Format

Send to

Choose Destination
Eur Arch Psychiatry Clin Neurosci. 2011 Dec;261(8):539-49. doi: 10.1007/s00406-011-0191-9. Epub 2011 Feb 12.

The effect of low-dose omega 3 fatty acids on the treatment of mild to moderate depression in the elderly: a double-blind, randomized, placebo-controlled study.

Author information

1
Endocrinology and Metabolism Research Center, Tehran University of Medical Sciences, 5th floor, Dr Shareeati Hospital, North Karegar Avenue, Tehran, Iran.

Abstract

Due to the rise in the social and economic costs of depression, new antidepressant medication with fewer side effects should be found. Several studies have shown that an association exists between ω-3 polyunsaturated fatty acids (ω-3 PUFAs) and depression. However, this association has not been clear enough in the elderly with mild to moderate depression. Sixty-six inhabitants of Kahrizak Charity Foundation participated in this double-blind, randomized, placebo-controlled study. Each participant was ≥ 65 years of age, had a Mini Mental State Exam of ≥ 22, and had scores ranging from 5 to 11 on the Geriatric Depression Scale-15 (GDS-15). During the 6 months, the drug group was treated daily with one gram of fish oil capsule containing 300 mg of both eicosapentaenoic acid and docosahexaenoic acid. No significant differences were noted between the groups in regard to level of education, use of antidepressant drugs, alcohol, tobacco use, history of chronic diseases, age, body mass index (BMI), high-sensitive C-reactive protein (hs-CRP), total cholesterol, and GDS-15 scores at baseline. After adjusting for cholesterol, BMI, and history of thyroid dysfunctions, a statistically significant difference was seen in GDS-15 scores between both groups. Furthermore, treatment with ω-3 PUFAs was clinically more effective in treating depression in comparison with the placebo. In this study, low-dose ω-3 PUFAs had some efficacy in the treatment of mild to moderate depression in elderly participants.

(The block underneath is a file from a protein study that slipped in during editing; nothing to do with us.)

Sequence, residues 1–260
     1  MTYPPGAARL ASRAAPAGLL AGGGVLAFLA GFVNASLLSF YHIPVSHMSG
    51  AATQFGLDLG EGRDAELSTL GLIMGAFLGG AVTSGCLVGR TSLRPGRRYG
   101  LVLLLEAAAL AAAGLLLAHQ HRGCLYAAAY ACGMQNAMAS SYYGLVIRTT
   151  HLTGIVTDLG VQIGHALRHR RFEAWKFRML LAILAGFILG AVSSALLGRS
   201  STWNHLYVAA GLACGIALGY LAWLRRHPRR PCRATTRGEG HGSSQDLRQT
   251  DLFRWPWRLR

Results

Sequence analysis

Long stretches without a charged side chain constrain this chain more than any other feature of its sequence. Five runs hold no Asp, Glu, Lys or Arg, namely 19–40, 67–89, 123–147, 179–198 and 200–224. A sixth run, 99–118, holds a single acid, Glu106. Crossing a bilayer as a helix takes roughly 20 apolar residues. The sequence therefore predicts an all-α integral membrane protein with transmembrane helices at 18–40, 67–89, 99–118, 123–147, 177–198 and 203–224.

PMID:
21318452
DOI:
10.1007/s00406-011-0191-9
[Indexed for MEDLINE]

Supplemental Content

Full text links

Icon for Springer
Loading ...
Support Center